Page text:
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Discussion in 'MacRumors.com News Discussion' started by somairotevoli, Dec 27, 2006.
So how bad is this for Apple?
So many companies do this sort of thing all the time....
Is it really a crime anymore?
You don't spend the cash for a team of reps unless you need the protection.
Stock option backdating
As more info comes out and my stock continues to tumble, I have one thought for those responsible or aware of the accounting practices:
This one continues to rumble doesn't it? Thing to remember nbs2, is that Wall Street typically over-reacts to everything. So if the stock is tumbling 4% today, it will gain some if not all of that loss back tomorrow. The only things that will push it down permanently are 1) if Friday's refiling results in Apple having made enormous accounting errors and being fined by the SEC to the tune of a ten-digit amount, or 2) Steve Jobs resigns.
Personally in your position I'd wait it out. AAPL is valued on future-performance more than anything. Unless 2) above happens, I'd say the stock will rebound quickly enough in early 2007.
Re: So how bad is this for Apple?
This is very, very, bad. This is a crime, and there are severe penalties Apple may incur. They are learning a very harsh lesson here, their secrecy can not keep the Feds from finding inaccuracies.
Although I doubt this will hurt Mac or iPod sales since the products are amazing no matter how many documents have been falsified, the person above me was correct, you hire your own legal representation because you need it, and there is no time to mess around.
I wish I could say due to my love for the executive team that I proclaim their innocence, but I can not as the Feds seem to know more than I do.
Good luck to whatever side is telling the truth.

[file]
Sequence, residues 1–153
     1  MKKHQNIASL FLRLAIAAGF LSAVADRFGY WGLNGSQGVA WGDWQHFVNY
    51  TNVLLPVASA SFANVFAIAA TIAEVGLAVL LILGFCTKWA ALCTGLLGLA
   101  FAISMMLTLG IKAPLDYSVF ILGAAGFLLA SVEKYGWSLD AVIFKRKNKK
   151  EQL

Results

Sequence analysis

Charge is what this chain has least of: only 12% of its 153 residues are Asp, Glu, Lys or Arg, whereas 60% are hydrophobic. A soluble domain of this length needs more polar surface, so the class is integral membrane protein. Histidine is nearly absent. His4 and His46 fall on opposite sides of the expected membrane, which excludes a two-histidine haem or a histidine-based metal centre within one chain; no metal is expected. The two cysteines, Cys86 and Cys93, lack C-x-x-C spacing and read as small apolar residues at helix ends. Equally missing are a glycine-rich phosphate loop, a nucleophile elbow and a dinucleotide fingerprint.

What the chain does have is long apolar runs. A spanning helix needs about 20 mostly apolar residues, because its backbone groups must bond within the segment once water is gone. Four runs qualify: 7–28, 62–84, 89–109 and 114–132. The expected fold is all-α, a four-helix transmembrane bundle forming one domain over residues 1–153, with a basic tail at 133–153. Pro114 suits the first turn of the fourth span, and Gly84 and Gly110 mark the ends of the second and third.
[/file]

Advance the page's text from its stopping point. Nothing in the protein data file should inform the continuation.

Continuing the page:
Or think you might, which isn't exactly the same thing.
The original law.com article:
I don't think anyone really knows what any of this means. The article implies only that the two Apple execs who have already resigned might be facing criminal charges. The markets are speculating that Jobs might be implicated somehow, but so far nothing anyone has actually said points in that direction.
Stuff like this makes me feel so stupid.
Someone please help:
What the hell is going on? What exactly was done? What kind of documents were falsified?
I know it says they aren't sure which documents, but I mean, what TYPE of documents? I don't understand the situation.
Yes, you do. To protect your rights and make sure that everything is going smoothly. That fingers won't be pointed at you, in the out-of-control fashion that usually arises when everyone is trying to save their own a**.
Again, this is almost 100% speculation. If criminal prosecutions do occur (still a big if), then the charges seem likely to be limited to two former Apple execs. Unless something deeply shocking and vastly different than what we've been hearing for the last several months emerges, then the damage to the company is also likely to be very limited. Just because the markets are currently in a tizzy over this doesn't mean we should get swept up in the speculation.
I like to remind myself we are all innocent until proven otherwise. If anyone even Steve is guilty of anything willful then he is not above the law. I hope all involved are innocent or perhaps honestly mistaken. I always hope the guilty will admit it instead of trying to cover up.